Economic Indicators Essay

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An economic indicator is a relatively simple or straightforward   variable  that,  on  the  basis of past experience, can act as a signal for changes in a set of other, often more complex variables in the economy. To some extent a single economic indicator can act as a “proxy” for a combination  of other  variables. New business start-ups,  for instance, can indicate a whole set of interconnected changes in the business sector and the wider economy. In the United States in the 1920s and 1930s, “freight car loadings” were reported on the business pages of newspapers, and these were avidly read  by investors,  business  managers,  politicians, and others, as the movements of raw materials and finished goods around the American railway system was, at that time, believed to be a reliable indicator of the general health of the economy.

In business terms,  an economic  indicator  can be used as a piece of information  that assists in managerial decision making. Indicators  can also be used by governments  in order to guide future policy, such as plans for raising revenue and the setting of priorities for the allocation of government expenditure.

Leading And Lagging Indicators

A “leading” indicator is a variable or a series of statistical data that can be expected to anticipate  changes in some related areas of the economy, and which usually precedes the changes by a fairly consistent  time period.  A leading  indicator  can  therefore  be  used to  make  predictions  and  forecasts.  For example,  if demographic  trends  show that there is likely to be a significant expansion in the relative size of the 16–25 age group among the male population  in a few years’ time, then it is reasonable to predict that the country in question is going to experience a “crime wave.” This is because, in many countries,  most  crime  is committed by young men. Such information  would be of interest  to, among others,  government  departments concerned with crime and justice, companies supplying private sector prison facilities, and the insurance industry that can expect to be called upon to underwrite and compensate for the financial costs of crime to individuals and businesses.

Leading   indicators   such   as  investment   plans, orders  for  machine  tools,  and  new  house-building starts  can  be combined  to  construct  a measure  of “business confidence,” which in turn can help predict cyclical changes in gross national product.  Similarly, “consumer confidence” is linked to variables such as future spending, output,  and incomes, through  economic mechanisms such as the multiplier principle.

A “lagging” indicator  is a variable or a series of statistical data that can be expected to reflect earlier changes in some related  areas of the economy, and which usually follow the changes by a fairly consistent time period. A lagging indicator can therefore be used to make an analysis of previous trends  in the economy, or a diagnosis of previous problems with a view to avoiding similar problems  next time around.  The inflation rate, for example, is calculated using recent historic  data concerning  price movements  within  a statistically constructed “basket” of typical goods and services. If an analysis of the inflation rate shows that its causes are demand led, then an appropriate  policy response (such as an adjustment  of the interest  rate) can be prescribed as a solution.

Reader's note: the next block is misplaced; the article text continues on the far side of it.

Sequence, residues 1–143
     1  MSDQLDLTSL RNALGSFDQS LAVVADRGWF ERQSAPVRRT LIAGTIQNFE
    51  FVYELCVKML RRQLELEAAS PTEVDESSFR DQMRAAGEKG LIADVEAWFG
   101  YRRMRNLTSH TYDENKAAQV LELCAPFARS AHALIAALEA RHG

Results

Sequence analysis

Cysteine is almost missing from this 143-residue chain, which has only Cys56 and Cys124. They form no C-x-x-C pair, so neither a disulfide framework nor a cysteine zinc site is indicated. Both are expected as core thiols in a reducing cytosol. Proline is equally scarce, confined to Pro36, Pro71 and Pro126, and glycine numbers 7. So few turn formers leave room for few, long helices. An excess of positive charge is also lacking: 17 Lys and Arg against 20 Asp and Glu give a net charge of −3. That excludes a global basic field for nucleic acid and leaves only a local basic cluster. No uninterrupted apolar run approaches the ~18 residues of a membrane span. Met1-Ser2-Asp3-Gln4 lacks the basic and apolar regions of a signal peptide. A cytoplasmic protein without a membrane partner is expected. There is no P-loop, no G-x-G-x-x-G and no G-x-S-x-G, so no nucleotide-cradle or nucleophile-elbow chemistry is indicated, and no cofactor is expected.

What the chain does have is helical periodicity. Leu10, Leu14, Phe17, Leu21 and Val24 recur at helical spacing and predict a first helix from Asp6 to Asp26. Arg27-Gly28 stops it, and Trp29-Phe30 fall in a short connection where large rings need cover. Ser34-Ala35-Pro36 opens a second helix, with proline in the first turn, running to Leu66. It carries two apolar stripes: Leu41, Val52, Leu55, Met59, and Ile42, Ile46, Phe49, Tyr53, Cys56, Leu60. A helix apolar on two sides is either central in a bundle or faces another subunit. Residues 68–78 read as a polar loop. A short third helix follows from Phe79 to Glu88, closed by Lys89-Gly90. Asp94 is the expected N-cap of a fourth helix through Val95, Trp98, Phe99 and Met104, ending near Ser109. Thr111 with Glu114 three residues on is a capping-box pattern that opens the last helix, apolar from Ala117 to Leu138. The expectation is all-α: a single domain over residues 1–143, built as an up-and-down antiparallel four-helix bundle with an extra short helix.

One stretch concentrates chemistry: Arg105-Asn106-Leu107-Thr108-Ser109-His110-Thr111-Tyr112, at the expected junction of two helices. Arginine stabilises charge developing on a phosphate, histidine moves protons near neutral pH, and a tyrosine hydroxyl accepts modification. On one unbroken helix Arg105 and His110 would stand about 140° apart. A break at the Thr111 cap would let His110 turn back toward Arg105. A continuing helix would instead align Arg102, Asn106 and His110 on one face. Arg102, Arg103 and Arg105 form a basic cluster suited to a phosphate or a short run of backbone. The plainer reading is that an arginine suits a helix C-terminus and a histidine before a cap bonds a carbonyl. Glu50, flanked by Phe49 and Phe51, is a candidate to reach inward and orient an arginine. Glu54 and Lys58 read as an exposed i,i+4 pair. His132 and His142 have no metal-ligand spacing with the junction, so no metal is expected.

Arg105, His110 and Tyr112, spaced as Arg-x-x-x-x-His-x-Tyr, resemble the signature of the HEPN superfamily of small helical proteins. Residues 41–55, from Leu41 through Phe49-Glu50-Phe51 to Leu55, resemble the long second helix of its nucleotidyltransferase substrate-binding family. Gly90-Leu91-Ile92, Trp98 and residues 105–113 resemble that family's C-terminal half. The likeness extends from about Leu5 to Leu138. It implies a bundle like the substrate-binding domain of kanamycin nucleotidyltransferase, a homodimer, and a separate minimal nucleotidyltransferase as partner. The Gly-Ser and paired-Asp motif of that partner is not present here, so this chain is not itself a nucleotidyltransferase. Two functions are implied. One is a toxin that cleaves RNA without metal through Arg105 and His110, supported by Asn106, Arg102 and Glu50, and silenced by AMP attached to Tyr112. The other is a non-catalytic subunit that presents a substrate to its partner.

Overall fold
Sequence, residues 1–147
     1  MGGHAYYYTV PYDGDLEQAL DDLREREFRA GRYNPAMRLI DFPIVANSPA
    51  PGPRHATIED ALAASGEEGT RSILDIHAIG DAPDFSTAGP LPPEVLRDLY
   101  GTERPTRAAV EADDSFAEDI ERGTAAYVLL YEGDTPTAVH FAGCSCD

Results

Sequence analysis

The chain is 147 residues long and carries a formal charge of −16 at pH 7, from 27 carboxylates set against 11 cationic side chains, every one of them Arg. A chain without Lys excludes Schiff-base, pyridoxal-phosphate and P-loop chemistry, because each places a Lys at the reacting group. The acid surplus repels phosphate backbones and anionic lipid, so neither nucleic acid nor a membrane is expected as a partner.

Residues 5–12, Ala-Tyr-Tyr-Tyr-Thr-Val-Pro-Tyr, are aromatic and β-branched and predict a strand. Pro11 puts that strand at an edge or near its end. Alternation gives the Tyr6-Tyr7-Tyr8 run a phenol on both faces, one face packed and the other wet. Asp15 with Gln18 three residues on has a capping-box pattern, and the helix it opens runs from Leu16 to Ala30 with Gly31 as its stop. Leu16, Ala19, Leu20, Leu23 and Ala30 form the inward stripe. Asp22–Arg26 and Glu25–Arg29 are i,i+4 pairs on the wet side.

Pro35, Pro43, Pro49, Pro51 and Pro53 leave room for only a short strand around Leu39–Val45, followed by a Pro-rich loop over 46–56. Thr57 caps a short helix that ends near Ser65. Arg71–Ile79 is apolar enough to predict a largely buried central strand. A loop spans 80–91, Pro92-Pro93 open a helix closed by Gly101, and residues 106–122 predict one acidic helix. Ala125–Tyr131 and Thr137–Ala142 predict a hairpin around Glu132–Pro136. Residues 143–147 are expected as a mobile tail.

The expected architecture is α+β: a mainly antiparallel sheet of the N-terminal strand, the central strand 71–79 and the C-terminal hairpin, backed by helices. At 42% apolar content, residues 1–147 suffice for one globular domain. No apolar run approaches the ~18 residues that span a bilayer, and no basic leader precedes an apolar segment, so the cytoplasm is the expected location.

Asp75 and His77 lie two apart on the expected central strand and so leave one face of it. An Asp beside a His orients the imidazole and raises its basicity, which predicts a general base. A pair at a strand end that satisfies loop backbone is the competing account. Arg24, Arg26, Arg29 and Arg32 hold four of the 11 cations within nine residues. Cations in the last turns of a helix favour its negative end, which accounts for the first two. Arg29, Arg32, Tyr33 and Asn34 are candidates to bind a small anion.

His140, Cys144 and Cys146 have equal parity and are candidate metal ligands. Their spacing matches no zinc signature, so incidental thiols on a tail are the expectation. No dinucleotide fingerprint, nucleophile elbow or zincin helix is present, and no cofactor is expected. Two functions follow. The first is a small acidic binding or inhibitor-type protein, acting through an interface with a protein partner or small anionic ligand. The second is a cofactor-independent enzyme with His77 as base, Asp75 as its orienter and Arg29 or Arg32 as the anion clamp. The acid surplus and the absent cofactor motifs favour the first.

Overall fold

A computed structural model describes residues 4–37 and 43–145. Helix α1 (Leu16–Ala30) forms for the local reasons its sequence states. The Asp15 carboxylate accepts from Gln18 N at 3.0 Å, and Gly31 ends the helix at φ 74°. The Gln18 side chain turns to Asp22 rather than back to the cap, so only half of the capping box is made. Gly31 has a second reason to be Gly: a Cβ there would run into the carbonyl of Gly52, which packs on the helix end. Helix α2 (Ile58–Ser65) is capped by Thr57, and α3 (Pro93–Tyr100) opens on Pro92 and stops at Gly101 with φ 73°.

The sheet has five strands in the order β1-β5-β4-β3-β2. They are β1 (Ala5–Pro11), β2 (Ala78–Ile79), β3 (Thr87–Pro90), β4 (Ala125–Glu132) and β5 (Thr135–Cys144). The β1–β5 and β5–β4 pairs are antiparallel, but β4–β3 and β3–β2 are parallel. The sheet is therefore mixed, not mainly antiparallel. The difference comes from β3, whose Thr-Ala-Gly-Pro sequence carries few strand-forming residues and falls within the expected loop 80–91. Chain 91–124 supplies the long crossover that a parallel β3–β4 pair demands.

If, on the other  hand,  the diagnosis is that  inflation is imported due to higher world commodity process (a cost factor rather than a demand actor), then the interest  rate approach  might be inappropriate or even damaging to the wider economy. Since government policy makers are not noted for their infallibility, knowledge of lagging indicators  is as important as leading indicators  as a piece of managerial intelligence, because this knowledge can help business people to be prepared in advance for changes in the wider business environment,  some of which will come from government policy adjustments, whether appropriate or inappropriate.

It is quite possible for a particular  indicator to be interpreted as being both leading and lagging simultaneously. A country’s unemployment rate, for example, tells us something about the performance  of the economy in recent history, and shows the end result of many contributing factors including the efficiency of the business sector, the state of the labor market, and the efficacy or otherwise of government policies concerning  both  the  “hard” economy  of variables such  as interest  rates  and  taxation,  and  the  “soft” economy of education,  training,  and investment  in human  capital.  However,  the  unemployment  rate can also be used to make forecasts of likely future trends  in directly affected variables such as saving and consumer spending, together with more indirect knock-on  effects on other  variables such as investment, output, and national income.

When economists  analyze “leads and lags” they are referring to the timing differences that exist between, on the one hand, the peaks and troughs of leading indicators and lagging indicators  and, on the other  hand, peaks and troughs in the general business cycle. If, for example an 11-year cycle can be discerned in the level of economic activity, with a peak in the growth rate of gross national product in year four and a trough in year eight, it could be that manufacturing investment acts as a leading indicator that peaks in year two and troughs in year six, while house-building acts as a lagging indicator that peaks in year six and troughs in year ten. It should be noted that indicators of this sort can work quite differently in different countries.